WHEN THE THOMAS AVENUE Beverage Company (TABC) opened in June, the uptown tavern became an instant hotspot for the up-and-coming, under-35, late-night set. But Patricia Meadows, founder and outgoing president of Friends of State-Thomas, saw the bar’s success as a setback to her efforts. From the window of her house and office on nearby State street, the Meadows Foundation heiress saw an influx of cars making parking difficult for residents. Beer bottles littered the sidewalks each morning, and angry residents reported more than one instance of public urination.
State-Thomas advocates, who have spent almost 10 years transforming the area into Dallas’ gem of urban living, now fear that TABC has brought their progress to an alarming halt. The $300,000 townhomes across the street from the bar have become unsellable, and developers are nervous. “This is a fragile time for the neighborhood,” says Meadows.
TABC’s owners, for their part, accuse Meadows of flexing political muscle to bully them out of the area. First came unannounced no-parking signs, with tow trucks hovering. Then came numerous inspections (which the bar passed), followed by re-inspections and then re-re-inspections. “There was a three-week period where we had three or four agen-cies a day visiting us,”says co-owner Joel Lebovitz. Even Police Chief Ben Click showed up-to check out a parking problem. “We’re zoned right, we’re up to code, and they still keep coming back,” Lebovitz says. The badgering has prompted TABC to file a $1 lawsuit against the city for harassment. “We just want it to stop,” says Lebovitz, who has since hired off-duty police to patrol outside and directed his managers to pick up street trash each night after closing.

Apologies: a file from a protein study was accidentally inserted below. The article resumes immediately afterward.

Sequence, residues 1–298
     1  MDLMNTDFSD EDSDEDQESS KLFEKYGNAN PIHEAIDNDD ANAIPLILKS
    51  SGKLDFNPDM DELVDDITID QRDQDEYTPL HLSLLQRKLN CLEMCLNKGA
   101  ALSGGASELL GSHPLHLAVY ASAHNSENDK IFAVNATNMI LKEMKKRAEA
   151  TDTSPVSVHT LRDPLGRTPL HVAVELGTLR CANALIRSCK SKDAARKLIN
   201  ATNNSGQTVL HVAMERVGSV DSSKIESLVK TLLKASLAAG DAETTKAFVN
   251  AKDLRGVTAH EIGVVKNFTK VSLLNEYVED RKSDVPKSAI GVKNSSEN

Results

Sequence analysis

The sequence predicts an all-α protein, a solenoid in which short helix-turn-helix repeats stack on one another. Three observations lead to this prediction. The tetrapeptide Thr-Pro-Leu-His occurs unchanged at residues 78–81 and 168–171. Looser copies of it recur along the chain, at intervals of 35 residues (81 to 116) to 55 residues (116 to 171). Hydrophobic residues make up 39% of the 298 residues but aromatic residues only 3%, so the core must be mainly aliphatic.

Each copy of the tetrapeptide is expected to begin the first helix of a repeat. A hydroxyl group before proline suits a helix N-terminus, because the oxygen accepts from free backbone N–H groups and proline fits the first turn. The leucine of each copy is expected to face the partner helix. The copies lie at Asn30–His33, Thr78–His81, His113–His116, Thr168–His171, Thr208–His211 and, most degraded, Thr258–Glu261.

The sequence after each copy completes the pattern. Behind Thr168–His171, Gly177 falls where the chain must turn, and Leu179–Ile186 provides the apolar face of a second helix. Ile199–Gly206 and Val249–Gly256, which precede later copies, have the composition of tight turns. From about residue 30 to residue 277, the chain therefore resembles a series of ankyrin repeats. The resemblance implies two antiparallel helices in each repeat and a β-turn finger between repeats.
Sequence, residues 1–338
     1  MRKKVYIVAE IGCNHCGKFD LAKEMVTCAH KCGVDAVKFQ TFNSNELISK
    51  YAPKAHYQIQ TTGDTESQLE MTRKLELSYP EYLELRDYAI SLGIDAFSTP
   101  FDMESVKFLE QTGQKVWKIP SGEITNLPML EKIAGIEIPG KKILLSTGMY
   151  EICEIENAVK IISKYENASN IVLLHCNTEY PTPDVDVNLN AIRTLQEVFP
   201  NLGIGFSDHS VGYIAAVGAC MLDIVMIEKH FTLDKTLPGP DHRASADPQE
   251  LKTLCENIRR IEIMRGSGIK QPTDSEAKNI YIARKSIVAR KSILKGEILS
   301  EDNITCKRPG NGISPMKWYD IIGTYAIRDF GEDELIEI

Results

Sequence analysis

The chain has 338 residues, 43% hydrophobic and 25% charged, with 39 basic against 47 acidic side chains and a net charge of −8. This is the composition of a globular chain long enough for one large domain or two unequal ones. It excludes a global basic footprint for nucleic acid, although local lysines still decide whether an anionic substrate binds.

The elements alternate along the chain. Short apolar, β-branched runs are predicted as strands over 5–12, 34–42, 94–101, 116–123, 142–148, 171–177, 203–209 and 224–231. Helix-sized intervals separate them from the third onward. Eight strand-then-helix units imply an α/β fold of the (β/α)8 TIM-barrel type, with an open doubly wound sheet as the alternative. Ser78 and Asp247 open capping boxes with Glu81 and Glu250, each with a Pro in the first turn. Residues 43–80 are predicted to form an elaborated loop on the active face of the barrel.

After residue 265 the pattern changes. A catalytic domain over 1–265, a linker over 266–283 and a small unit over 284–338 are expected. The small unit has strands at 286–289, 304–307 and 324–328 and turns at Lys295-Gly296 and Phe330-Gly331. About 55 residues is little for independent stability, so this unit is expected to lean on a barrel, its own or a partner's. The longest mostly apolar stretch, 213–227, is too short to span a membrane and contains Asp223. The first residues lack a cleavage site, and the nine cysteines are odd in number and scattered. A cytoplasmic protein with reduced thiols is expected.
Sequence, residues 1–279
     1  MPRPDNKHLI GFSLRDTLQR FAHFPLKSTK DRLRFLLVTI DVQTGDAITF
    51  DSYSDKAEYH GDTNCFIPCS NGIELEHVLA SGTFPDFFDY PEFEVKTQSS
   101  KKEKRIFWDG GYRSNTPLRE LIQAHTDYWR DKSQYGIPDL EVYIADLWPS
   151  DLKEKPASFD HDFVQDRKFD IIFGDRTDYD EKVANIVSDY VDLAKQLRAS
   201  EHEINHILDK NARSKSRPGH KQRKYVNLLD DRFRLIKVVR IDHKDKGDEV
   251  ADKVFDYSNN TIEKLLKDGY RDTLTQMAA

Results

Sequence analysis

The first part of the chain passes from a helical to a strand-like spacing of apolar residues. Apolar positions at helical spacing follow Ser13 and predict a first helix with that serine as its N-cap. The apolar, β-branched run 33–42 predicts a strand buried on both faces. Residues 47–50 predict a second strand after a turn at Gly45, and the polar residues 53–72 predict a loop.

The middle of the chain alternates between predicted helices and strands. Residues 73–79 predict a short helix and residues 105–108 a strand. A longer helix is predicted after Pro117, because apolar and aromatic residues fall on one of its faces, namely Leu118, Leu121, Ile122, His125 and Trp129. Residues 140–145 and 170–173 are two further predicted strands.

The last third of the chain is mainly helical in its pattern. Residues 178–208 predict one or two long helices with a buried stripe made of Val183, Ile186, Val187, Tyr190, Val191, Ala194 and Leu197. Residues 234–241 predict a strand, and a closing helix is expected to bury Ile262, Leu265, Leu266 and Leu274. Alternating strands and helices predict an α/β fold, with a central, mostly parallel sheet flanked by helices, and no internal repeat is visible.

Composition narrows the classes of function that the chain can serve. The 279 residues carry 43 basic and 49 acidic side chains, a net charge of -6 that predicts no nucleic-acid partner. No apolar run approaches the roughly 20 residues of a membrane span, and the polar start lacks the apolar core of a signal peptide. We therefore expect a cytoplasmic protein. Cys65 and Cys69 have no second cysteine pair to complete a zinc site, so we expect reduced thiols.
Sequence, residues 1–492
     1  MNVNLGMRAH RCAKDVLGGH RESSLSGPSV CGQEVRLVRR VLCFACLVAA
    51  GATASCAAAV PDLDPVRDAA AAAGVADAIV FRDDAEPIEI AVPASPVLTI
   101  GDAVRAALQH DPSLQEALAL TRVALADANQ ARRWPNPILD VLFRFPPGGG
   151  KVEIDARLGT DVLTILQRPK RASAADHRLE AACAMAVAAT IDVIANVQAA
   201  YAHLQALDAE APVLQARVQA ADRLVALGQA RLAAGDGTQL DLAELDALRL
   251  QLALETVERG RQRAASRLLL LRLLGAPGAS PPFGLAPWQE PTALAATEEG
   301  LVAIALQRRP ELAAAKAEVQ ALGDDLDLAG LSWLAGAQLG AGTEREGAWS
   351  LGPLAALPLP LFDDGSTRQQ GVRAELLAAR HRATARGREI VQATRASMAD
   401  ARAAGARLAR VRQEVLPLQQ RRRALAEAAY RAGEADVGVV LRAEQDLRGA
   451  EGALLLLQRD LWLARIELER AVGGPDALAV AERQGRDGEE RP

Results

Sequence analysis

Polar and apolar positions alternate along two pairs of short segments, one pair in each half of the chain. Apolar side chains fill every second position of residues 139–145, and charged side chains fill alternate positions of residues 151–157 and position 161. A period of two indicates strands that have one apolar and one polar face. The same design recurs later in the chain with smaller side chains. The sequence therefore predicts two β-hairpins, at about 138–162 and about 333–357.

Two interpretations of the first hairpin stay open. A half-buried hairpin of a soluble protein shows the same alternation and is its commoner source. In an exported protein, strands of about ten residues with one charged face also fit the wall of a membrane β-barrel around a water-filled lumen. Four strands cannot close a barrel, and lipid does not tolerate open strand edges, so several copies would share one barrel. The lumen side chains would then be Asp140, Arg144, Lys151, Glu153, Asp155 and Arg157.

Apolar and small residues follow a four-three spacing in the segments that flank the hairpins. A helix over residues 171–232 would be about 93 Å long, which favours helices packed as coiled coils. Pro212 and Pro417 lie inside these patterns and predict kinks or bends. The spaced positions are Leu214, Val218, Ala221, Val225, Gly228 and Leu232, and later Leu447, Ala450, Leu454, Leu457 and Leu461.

Meadows insists she has done nothing but file complaints, though she does admit to studying up on the building codes by which bars have to abide. She recently invited the owners to a Friends of State-Thomas meeting so they could hear residents’ concerns. Only one person, a man who lives in one of the devalued town-homes, confronted the bar owners, He threatened lawsuits against TABC, the city, and the developer, who he claims promised that a bar couldn’t open up across from his property.
Ironically, State-Thomas developers could have kept the bar out of the neighborhood by leasing the building themselves for a mere $ 1,700 a month. But now the factions are stuck with each other. Those who welcome the areas progress hope the feuding neighbors will bury the hatchet-and break out the lawn darts.